WORD FROM THE PASTOR: The Movies’ Greatest Songs


  When I heard that the American Film Institute was going to name the 100 greatest movie songs of all time, I immediately predicted that “As Time Goes By” (immortalized in Casablanca) would occupy the Number One spot.  I missed it by one: “Over the Rainbow” from The Wizard of Oz was honored as the greatest cinematic song of all time, with “As Time Goes By” placing number two.

It occurred to me that those two songs, in an odd way, really go together.  “As Time Goes By” talks about life in the “real world”, in the realm of time.  In world of time, we find the joy of love...but often there also is struggle and pain:

It’s still the same old story, a fight for love and glory

A case of do or die...

But “Over the Rainbow” longs for a place beyond time, beyond this “real world”, a place of joy and perfection, where all is beautiful and the bluebirds never stop singing.

Put these two songs together, and you pretty much have the human condition: we live in a world where we experience many joys “as time goes by”...and yet in the end those joys don’t fully satisfy us, and we long for Something Else, something “Over the Rainbow”.  We long for a place where there is no sadness, where time does not “like an ever-rolling stream bear all its sons away”, where there is no sickness and no grief and no loss.


This longing for a Perfect Place manifests itself in many ways.  In fiction and film, we see places like Shangri La, Bali Hai, or the alien planet in “Cocoon”.  One of the stories my son read for school this year was Jack Finney’s “The Third Level”, about a mysterious “third level” of Grand Central Station in which passengers can buy a ticket for 19th century Galesburg, Illinois. Most of the characters is the story ultimately succumb to the lure of this Better Place.   All these fictional spots are places where sadness drops away and all is beauty.    In real life, political movements have sought to create perfect societies (and inevitably have wound up fashioning nightmares instead, as in Soviet Russia and Nazi Germany).  In our own time,  we continually see  lists trumpeting “The Ten Best Places to Live in America”...and many of us look longingly at such lists and dream of a place where life will be better.  (Oddly enough, the lists keep changing: In the 1930s, Woody Guthrie sang, “California is a garden of Eden, a paradise to live in or see...”; in recent years paradise has shifted to Denver or Seattle.  Unfortunately, such places cease to be “paradise” when large numbers of people move there!)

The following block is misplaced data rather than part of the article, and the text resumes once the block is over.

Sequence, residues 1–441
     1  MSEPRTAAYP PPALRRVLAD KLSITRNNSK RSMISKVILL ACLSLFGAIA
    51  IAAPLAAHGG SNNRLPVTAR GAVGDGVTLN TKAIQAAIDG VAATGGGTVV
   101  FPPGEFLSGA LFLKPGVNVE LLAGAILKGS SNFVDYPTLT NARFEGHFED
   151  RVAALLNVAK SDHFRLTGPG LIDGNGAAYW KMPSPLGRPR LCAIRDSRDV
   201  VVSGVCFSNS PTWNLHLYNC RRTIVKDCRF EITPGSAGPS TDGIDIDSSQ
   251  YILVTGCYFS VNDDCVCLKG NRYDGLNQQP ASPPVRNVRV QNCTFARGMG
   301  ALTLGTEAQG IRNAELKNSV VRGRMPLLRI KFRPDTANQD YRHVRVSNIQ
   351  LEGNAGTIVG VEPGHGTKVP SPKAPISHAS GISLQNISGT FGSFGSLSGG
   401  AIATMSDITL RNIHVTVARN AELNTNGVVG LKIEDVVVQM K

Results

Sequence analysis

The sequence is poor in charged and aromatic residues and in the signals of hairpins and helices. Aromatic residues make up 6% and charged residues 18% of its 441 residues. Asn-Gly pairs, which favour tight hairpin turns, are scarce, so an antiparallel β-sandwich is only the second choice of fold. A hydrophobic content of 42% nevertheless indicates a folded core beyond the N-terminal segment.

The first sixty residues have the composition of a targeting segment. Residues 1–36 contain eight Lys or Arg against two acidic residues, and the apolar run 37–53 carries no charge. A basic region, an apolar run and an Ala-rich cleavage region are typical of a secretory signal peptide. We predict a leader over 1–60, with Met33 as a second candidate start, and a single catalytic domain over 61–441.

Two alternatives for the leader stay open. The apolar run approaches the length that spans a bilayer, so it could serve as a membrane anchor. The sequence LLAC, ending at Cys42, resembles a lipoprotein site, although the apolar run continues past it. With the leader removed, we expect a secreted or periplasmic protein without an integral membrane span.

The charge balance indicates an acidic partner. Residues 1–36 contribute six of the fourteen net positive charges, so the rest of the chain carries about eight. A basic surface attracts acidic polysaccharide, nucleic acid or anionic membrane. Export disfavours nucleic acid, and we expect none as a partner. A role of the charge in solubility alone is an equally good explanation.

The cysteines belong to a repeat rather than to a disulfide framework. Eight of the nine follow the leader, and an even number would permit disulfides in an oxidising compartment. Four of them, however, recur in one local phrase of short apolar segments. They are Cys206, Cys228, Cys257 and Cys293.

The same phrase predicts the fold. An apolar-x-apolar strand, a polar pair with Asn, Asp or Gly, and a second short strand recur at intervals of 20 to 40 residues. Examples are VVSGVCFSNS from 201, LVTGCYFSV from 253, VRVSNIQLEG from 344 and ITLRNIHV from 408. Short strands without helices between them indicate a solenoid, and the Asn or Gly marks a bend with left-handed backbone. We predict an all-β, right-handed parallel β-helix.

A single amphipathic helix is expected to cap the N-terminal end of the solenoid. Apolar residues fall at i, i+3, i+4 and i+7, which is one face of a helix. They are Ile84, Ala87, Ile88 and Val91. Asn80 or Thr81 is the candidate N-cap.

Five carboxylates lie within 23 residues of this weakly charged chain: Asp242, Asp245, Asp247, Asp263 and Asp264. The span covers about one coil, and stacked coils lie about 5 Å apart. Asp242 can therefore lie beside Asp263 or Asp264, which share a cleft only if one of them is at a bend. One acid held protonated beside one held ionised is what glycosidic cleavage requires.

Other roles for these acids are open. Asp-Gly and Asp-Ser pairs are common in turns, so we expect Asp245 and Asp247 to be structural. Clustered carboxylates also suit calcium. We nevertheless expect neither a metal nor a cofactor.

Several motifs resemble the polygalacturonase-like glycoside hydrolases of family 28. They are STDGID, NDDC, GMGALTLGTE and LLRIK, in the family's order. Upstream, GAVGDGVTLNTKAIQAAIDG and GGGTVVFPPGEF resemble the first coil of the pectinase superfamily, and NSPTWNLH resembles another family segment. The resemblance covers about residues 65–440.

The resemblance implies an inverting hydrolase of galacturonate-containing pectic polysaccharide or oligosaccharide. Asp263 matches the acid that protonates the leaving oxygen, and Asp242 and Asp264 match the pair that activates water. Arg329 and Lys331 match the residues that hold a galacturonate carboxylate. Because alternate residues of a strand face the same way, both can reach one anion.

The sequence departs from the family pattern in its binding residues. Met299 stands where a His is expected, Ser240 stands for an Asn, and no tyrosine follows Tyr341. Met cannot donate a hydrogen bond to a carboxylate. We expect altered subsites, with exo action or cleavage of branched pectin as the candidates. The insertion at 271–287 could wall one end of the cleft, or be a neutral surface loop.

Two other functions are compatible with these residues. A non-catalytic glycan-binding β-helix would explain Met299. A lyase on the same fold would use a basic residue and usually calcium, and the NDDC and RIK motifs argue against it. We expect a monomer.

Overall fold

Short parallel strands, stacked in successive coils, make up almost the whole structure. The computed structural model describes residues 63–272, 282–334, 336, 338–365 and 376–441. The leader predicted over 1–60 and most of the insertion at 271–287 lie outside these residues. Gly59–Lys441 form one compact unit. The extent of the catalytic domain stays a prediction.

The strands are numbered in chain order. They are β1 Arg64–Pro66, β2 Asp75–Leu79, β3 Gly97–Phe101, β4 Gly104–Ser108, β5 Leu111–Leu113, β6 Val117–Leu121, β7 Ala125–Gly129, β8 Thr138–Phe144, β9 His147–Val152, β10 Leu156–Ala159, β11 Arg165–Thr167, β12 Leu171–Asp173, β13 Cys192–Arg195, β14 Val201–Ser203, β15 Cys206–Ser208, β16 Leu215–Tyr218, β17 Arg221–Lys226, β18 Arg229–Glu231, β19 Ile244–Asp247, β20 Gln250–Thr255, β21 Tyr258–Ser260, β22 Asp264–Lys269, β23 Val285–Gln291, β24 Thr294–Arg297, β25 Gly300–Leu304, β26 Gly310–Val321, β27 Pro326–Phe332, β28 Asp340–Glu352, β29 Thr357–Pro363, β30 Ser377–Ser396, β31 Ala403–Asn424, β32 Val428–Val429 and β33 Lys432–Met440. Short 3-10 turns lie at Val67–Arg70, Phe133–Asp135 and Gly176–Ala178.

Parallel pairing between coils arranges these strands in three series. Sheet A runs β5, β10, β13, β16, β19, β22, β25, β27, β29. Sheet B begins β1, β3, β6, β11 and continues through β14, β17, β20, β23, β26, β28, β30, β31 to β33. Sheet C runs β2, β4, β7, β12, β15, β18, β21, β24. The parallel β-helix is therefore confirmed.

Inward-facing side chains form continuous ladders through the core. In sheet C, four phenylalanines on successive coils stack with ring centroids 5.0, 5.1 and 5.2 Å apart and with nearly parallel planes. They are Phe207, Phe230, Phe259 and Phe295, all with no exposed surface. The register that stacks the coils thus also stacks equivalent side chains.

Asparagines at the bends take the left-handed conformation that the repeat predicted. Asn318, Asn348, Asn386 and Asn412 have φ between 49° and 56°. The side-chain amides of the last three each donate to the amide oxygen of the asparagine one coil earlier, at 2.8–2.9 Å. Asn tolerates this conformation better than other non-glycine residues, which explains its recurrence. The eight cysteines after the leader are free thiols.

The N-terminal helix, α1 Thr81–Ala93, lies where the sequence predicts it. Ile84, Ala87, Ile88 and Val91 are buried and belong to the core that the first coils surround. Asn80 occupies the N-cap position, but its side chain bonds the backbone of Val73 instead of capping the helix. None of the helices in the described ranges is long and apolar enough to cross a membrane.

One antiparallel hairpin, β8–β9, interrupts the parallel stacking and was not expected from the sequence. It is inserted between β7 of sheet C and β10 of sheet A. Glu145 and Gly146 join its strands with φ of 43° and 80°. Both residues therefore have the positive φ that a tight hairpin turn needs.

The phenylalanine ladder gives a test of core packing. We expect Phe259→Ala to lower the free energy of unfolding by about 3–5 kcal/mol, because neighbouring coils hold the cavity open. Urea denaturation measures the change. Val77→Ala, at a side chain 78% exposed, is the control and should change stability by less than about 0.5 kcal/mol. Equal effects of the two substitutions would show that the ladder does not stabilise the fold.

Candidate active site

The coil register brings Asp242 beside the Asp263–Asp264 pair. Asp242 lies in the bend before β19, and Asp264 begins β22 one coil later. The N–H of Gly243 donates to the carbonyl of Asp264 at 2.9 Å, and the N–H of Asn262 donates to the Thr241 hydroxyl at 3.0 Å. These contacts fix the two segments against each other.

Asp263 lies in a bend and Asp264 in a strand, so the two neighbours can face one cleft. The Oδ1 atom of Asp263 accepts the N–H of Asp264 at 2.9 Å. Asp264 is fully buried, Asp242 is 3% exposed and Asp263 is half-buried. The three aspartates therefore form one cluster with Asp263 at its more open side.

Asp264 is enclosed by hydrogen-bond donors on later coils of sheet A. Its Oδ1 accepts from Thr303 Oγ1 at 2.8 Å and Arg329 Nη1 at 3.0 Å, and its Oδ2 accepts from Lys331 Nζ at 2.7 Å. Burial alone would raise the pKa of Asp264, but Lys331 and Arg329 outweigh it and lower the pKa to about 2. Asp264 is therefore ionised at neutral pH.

Someone has called this gnawing desire for a Better Place “the nostalgia for paradise”.  And that’s exactly what it is: deep in our DNA we remember that there was a perfect place once, where our ancestors Adam and Eve lived...and we long to return there.  But since that paradise is always just out of reach, it seems that we are doomed to endless frustration.

But Jesus Christ came to lift that frustration from us...for He makes it possible for us to go “Over the Rainbow” and find that place where all tears are wiped away, “and there will be no more death or mourning or crying or pain” (Revelation 21:4).  He did this by coming into our world, where “time goes by”, and by dying for our sins...the sins that separated us from Eden in the first place! With Christ, we can indeed go “over the rainbow” into that realm of perfection and beauty.  And it doesn’t just happen after we die–for even in this life, if we belong to Jesus, we are touched by the beauty and the perfection of heaven.  “God raised us up in Christ and seated us with Him in the heavenly realms in Christ Jesus,” says Ephesians 2:6.  Right now, today, we breathe the atmosphere of heaven, because Jesus is with us.  Even in this life, as I walk with God and live with God, I already have one foot “Over the Rainbow”. 

“‘Over the Rainbow’ is a great song because it’s about longing...and everybody is longing for something,” one of the celebrity commentators on the American Film Institute show remarked.  Indeed–we’re all longing for something.  In the end, that “something” is the Better Place, the place of peace and joy.  And the beautiful thing is–we can have it!  We can have it without moving to a place on the constantly changing “Ten Best Places” list. We can have that Better Place right here where we live.  (As even Dorothy learned in the film: “If I ever go seeking my heart’s desire again, I won’t look any further than my own backyard”).  Even though I live in this world where “time goes by”, I can also live “over the rainbow.”   Because wherever Jesus Christ is...there is Paradise!

God loves you and so do I!